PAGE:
Release Date: June 01, 2021
by Chickasaw Nation Media Relations Office
Renowned Chickasaw weaver prepares showing for Artesian Online Art Market
For Chickasaw weaver and fashion designer Margaret Roach Wheeler, recent months have been a time to slow down, reflect, appreciate her surroundings, roll out a new loom and plan a path ahead. One of the first stops on that journey will be the 2021 Artesian Online Art Market (AOAM).
After a decade of working as a contracted artist, she is now her own woman on her own land working with her own two hands on her own time. No more commissions, open and free, just doing the work she wants to do.
Luckily, for fans of Wheeler’s unique textile creations, she has centered the work she wants to do on her lifelong love of weaving. Retirement has reignited her passion for her own art.
“I only did one or two pieces in about 10 years which were for me alone,” Wheeler said, recalling with appreciation the time she spent mentoring, teaching and promoting other artists. “In some ways, it’s exciting. I am now developing ideas of what I want to do with the rest of my life as far as weaving. That has really been a good feeling, to get back to weaving.”
The loom is fresh again, she said. As an artist, she enjoys inventing designs, coming up with new weave structures, even sometimes going back to old methods and updating them.
“After I made the decision to retire, I bought a small loom which will fit into my cottage where I have my studio. It has been fun to sit back down and think about where I want to go from here,” Wheeler said.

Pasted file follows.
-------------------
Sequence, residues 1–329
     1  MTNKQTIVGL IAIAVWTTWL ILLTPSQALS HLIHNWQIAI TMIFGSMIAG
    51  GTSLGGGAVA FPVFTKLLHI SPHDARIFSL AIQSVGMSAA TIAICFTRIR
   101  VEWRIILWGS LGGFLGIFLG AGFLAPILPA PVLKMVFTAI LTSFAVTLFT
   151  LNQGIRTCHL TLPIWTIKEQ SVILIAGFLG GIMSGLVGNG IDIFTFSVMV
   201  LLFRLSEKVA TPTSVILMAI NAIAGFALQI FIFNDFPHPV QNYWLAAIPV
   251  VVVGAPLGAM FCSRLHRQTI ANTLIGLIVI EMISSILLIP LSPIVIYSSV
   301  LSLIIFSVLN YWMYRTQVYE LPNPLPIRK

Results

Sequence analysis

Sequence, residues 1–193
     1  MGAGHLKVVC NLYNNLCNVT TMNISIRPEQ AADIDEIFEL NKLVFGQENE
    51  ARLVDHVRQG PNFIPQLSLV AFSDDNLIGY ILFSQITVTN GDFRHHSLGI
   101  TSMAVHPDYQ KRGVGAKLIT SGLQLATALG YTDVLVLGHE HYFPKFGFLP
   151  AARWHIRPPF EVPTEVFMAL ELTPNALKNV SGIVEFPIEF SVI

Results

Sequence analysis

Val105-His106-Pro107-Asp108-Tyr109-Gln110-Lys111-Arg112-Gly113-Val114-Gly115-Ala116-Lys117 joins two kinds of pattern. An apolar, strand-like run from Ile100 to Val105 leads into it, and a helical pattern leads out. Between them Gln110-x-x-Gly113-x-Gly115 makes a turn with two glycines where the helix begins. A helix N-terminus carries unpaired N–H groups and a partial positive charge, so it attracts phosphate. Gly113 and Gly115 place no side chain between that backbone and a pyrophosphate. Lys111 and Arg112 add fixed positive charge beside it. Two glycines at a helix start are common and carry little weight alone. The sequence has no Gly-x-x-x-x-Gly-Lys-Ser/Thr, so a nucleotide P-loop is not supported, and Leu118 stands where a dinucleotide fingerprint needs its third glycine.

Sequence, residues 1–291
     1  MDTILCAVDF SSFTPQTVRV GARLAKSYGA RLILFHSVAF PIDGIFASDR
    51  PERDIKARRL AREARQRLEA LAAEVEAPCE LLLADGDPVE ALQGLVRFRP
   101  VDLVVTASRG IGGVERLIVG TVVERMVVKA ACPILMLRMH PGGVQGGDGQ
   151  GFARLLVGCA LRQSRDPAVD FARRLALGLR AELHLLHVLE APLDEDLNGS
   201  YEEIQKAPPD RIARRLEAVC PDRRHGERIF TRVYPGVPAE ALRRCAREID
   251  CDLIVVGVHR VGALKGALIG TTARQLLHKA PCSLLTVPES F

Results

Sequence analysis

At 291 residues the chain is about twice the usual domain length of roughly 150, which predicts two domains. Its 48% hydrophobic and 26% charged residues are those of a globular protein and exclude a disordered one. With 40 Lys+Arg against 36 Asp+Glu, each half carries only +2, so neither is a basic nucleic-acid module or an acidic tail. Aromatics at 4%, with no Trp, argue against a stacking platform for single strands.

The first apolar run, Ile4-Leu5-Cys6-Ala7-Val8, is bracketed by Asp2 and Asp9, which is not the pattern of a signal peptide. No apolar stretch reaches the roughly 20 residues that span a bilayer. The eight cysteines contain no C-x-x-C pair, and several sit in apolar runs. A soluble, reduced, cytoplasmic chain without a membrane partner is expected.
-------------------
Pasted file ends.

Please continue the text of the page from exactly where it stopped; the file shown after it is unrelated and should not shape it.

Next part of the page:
Fans should keep an eye open for the new, one-of-a-kind textiles Wheeler is weaving together right now with plans to show during this year’s AOAM. Wheeler is also including four pieces that give a glimpse of where she has been.
Like “The Murder of One,” Wheeler’s multimedia depiction of a crow. She handcrafted this piece from silk wool out of the ARTesian Gallery & Studios, where Wheeler spent years mentoring new weavers. It includes a headdress, blanket robe and sculpted cloth visage.
“There is a thin red line coming from his heart down to the red below. Arthur Conan Doyle wrote of a thin red line of murder,” Wheeler explained.
Doyle’s quote: “There’s the scarlet thread of murder running through the colourless skein of life, and our duty is to unravel it, and isolate it, and expose every inch of it.”
“I read that while I had the loom threaded to make this piece. I added the red line, which is placed over the heart. As it runs down it creates a red blood base of the robe. It represents how the murder of one can lead to the annihilation of a Native tribe. The crow is a spirit who has observed the crimes,” she said.
Then there is Wheeler’s “White Buffalo Jacket,” which has a winding cross-country history involving museums, First American art markets, private collections, second hand art shops and ultimately a return to Wheeler’s hands.
It is a piece as worthy of wearing out as it is displaying in a protected case.
In a step away from the wearable textile expressions, Wheeler is showing two woven mask assemblages with out-of-this-world inspiration.
“You’ve heard of ‘Flash Gordon?’ I loved to watch it, but we didn’t have a television growing up so we would go to a neighbor’s house,” Wheeler remembered.